As we finish up the last nostalgic words of The Story Girl for the next podcast, we turn our eye towards the future…actually, the past. Historical Fiction month is coming up! In an effort to reduce my TBR pile, I’ve picked the choices from books that have been sitting unread on my shelf for far too long. My partner has been recommending the Itani for a few years now, an old friend recommended the Behrens, and I’m just in the mood for a good chase-scene kind of book when it comes to the Adamson (though I believe Kirtles has read it already, but I’m feeling selfish so he might have to read it again). Thanks for voting!
Deafening by Frances Itani:
At the age of five, Grania-the daughter of hardworking Irish hoteliers in smalltown Ontario-emerges from a bout of scarlet fever profoundly deaf and is suddenly sealed off from the world that was just beginning to open for her. When it becomes clear that she can no longer thrive in the world of the hearing, her family sends her to live at the Ontario School for the Deaf in Belleville, where, protected from the often-unforgiving hearing world outside, she learns sign language and speech.
After graduation Grania stays on to work at the school, and it is there that she meets Jim Lloyd, a hearing man. In wonderment the two begin to create a new emotional vocabulary that encompasses both sound and silence. But just two weeks after their wedding, Jim must leave home to serve as a stretcher bearer on the blood-soaked battlefields of Flanders. During this long war of attrition, Jim and Grania’s letters back and forth-both real and imagined-attempt to sustain their young love in a world as brutal as it is beautiful. Frances Itani’s depiction of a world where sound exists only in the margins is a singular feat in literary fiction, a place difficult to leave and even harder to forget.
The Law of Dreams by Peter Behrens:
The Law of Dreams tells the story of a young man’s epic passage from innocence to experience during The Great Famine in Ireland of 1847.
On his odyssey through Ireland and Britain, and across the Atlantic to “the Boston states,” Fergus is initiated to violence, sexual heat, and the glories and dangers of the industrial revolution. Along the way, he meets an unforgettable generation of boy soldiers, brigands, street toughs and charming, willful girls – all struggling for survival in the aftermath of natural catastrophe magnified by political callousness and brutal neglect.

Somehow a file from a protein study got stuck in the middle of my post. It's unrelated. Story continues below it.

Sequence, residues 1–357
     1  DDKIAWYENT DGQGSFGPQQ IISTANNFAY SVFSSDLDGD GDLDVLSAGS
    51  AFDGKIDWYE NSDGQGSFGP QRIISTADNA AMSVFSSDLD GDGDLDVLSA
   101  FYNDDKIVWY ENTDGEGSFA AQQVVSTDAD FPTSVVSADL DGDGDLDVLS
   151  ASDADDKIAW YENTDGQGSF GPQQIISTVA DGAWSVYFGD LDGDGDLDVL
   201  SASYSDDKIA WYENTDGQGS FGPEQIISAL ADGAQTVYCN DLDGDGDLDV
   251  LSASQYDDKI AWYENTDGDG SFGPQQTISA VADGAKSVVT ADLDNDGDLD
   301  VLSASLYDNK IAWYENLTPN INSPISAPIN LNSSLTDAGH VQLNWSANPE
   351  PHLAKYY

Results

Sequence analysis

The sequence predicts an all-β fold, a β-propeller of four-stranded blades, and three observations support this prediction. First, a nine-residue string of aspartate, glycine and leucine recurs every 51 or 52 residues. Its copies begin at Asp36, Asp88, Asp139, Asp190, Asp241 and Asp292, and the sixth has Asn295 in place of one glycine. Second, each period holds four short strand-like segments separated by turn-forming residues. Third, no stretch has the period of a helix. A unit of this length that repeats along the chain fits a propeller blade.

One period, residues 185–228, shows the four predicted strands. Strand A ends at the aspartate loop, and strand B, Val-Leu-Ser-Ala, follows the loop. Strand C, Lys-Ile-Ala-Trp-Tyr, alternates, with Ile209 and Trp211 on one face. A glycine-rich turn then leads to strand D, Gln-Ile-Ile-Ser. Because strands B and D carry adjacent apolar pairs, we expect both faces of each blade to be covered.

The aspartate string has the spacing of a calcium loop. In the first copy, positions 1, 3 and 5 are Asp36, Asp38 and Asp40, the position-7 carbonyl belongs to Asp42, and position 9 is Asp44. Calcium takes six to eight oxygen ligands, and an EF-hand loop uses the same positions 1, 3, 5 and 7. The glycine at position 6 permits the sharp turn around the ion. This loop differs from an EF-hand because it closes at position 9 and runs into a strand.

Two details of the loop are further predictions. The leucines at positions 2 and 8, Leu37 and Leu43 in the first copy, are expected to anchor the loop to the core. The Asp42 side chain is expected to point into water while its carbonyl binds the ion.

Peter Behrens transports the reader to another time and place for a deeply-moving and resonant experience. The Law of Dreams is gorgeously written in incandescent language that unleashes the sexual and psychological energies of a lost world while plunging the reader directly into a vein of history that haunts the ancestral memory of millions in a new millennium.
The Outlander by Gil Adamson:
“It was night, and the dogs came through the trees, unleashed and howling.” Mary Boulton, 19, is newly widowed, a result of having murdered her husband. The men with the dogs are her twin brothers-in-law, gunslingers bent on avenging their dead sibling. It is 1903, and the only place for Mary to run is west, into the wilderness.
She is pursued not only by the vengeful twins but also by visions. Mary was raised in a genteel household but married a brute; now, having divested herself of her husband, she is not altogether sane. From an early benefactress she steals a horse, and together they navigate a gothic, ghostly mountain pass, unlikely to improve Mary’s mental state. Desperate, freezing, and alone, Mary is now an outlander, as are most of the characters she encounters. The bird lady, the Ridgerunner, Bonny, the dwarf, and the cat-skinner are all earthbound beings inhabiting unsettled lives.